296 J Comput Aided Mol Des (2007) 21:281–306
123
mean ROC areas of 0.86 and 0.90, respectively. Similarly,
the comparison using screening parameters is reasonable,
with mean ROC areas of 0.92 and 0.88 for the J&J and
Pham sets, respectively. It is striking that the comparable
results from two very different benchmarks yielded such
similar performance levels.
Summary: screening enrichment
The practical significance of what has been reported on the
combination of the J&J and Pham data sets is that by
employing a uniform procedure with Surflex-Dock’s ‘‘-
pscreen’’ option, one can obtain robust and reliable per-
formance across a wide variety of targets with varying
compositions of actives and inactives.
The results presented above focused on ROC areas,
since they support direct statistical comparisons. A some-
what more intuitive measure of screening efficiency is
enrichment, which corresponds to the ratio between the
actual number of active ligands identified versus the
number expected by chance given some proportion of a
ranked database. Maximal enrichment values are bounded
above by the ratio of the total number of compounds in a
library to the number of actives (up to 200-fold in the cases
discussed above) and are computed by considering all
possible coverage levels of the ranked database. Enrich-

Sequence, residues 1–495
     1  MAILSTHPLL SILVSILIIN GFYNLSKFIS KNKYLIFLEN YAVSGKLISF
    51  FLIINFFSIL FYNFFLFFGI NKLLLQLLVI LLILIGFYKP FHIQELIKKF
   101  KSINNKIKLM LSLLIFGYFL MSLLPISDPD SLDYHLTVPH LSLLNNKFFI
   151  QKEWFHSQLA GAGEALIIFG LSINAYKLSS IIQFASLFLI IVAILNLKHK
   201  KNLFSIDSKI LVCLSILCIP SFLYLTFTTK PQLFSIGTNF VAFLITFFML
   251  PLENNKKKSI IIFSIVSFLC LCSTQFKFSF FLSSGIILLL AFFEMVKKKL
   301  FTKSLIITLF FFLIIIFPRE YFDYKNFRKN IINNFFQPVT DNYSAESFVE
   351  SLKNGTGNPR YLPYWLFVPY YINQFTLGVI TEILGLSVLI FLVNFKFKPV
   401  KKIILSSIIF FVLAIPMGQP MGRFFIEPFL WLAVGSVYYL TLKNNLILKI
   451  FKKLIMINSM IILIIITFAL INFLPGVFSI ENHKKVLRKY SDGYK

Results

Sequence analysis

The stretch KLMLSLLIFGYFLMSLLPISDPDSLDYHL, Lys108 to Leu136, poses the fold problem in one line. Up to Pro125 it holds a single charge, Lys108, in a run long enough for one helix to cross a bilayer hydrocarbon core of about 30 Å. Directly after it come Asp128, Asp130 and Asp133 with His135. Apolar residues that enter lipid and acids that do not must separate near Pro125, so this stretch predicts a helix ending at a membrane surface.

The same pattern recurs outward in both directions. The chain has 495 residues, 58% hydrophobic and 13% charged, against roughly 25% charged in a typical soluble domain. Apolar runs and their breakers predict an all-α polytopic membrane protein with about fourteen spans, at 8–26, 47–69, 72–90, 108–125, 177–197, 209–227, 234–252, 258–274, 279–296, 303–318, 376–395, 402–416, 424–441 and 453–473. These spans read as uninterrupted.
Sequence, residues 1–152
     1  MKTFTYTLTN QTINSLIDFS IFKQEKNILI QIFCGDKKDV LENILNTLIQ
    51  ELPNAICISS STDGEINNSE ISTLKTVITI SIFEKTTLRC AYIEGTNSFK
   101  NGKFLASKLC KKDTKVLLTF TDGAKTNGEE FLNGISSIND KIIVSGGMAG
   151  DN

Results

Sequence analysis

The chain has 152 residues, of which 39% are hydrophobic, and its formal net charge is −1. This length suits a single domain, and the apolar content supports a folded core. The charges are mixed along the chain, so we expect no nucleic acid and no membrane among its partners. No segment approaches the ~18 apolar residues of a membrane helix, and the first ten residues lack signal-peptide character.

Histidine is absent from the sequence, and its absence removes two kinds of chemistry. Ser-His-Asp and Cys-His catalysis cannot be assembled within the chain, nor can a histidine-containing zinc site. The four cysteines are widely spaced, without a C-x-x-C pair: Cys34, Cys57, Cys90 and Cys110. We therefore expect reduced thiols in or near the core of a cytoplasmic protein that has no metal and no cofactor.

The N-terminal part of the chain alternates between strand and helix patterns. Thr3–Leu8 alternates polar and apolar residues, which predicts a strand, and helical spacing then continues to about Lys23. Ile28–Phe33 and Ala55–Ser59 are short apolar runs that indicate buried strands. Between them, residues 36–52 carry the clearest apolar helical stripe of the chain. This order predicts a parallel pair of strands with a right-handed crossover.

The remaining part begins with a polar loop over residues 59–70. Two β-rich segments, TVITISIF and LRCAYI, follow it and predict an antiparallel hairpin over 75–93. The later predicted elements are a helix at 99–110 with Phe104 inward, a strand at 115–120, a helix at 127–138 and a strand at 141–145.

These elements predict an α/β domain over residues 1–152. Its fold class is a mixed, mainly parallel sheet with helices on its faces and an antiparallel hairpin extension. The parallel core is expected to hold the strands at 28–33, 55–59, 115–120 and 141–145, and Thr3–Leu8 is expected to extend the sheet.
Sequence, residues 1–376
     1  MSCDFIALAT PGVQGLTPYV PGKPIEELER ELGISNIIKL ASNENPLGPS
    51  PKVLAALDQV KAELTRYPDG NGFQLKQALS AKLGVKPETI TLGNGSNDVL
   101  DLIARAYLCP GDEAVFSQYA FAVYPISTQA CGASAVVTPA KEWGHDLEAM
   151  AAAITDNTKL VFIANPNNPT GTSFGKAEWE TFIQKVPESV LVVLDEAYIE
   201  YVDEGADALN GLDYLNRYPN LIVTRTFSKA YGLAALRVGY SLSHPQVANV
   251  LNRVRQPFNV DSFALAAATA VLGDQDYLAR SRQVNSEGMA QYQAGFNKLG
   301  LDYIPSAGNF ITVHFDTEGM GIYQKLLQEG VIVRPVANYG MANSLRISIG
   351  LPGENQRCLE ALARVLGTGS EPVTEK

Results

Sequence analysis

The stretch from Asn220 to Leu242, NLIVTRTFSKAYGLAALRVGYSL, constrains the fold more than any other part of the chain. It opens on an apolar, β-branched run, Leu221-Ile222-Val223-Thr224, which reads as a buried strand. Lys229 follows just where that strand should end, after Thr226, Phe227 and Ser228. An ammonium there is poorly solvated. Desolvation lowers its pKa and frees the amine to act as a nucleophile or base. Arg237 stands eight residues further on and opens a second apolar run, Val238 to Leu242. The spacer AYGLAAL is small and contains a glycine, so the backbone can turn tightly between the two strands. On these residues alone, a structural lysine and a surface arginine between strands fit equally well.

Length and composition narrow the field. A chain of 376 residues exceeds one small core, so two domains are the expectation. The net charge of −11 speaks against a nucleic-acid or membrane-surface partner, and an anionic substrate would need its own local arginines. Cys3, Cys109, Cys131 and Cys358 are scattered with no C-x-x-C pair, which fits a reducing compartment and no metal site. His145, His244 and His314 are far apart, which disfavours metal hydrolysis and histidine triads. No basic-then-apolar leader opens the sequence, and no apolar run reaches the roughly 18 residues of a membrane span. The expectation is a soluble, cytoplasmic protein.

ment values at fixed percentages are bounded above by the
reciprocal of the proportion of the library selected (e.g.,
100-fold for 1% coverage). Using Surflex’s screening
parameters, on the Pham set with the ZINC decoys, the
mean maximal enrichment was 100-fold, the mean
enrichment at 1% coverage was 37-fold, and at 5%, it was
12-fold. For the J&J set, the comparable numbers were 43-
fold, 15-fold, and 11-fold. With respect to the comparison
with other docking methods on the four targets of the J&J
benchmark, the Surflex screening protocol yielded average
enrichments that were twice as good as each of Glide,
GOLD, Dock, and DockVision at both the 2% and 5%
coverage levels. This corresponds well to the comparisons
of Surflex-Dock to other methods on the ER and TK
benchmarks of Rognan’s group from other studies [13, 16,
19, 21].
Note that comparisons of docking methods to ligand-
based methods for screening are complicated to interpret,
since there are subtle issues of inductive bias present in any
ligand-based approach. Direct knowledge of the actual
structures of some true positives are used to retrieve other
ligands. This is discussed extensively in a previous paper
on the Surflex-Sim methodology [43]. A recent paper by
Hawkins et al. makes a direct comparison between ROCS
and Surflex-Dock using the Pham set, showing comparable
performance of both methods [45]. However, in 50% of the
Pham set retrieval cases, a trivial 2D molecular similarity
method is able to perform nearly perfectly (>0.95 ROC
area) and in an additional 30%, the trivial method is able to
perform very well (>0.80 ROC area). Meaningful com-
parisons of ligand-based and protein structure-based
methods for virtual screening are an area of current
investigation.
Docking accuracy
One of the key applications of docking methodology is
in the modeling of synthetic analogs of compounds for
which a bound structure is known of a parent compound.
In these cases, a docker’s prediction of bound pose can
have a significant impact on synthetic choices, with the
decisions guided both by the extent to which a proposed
compound fits its new moiety in a desired place and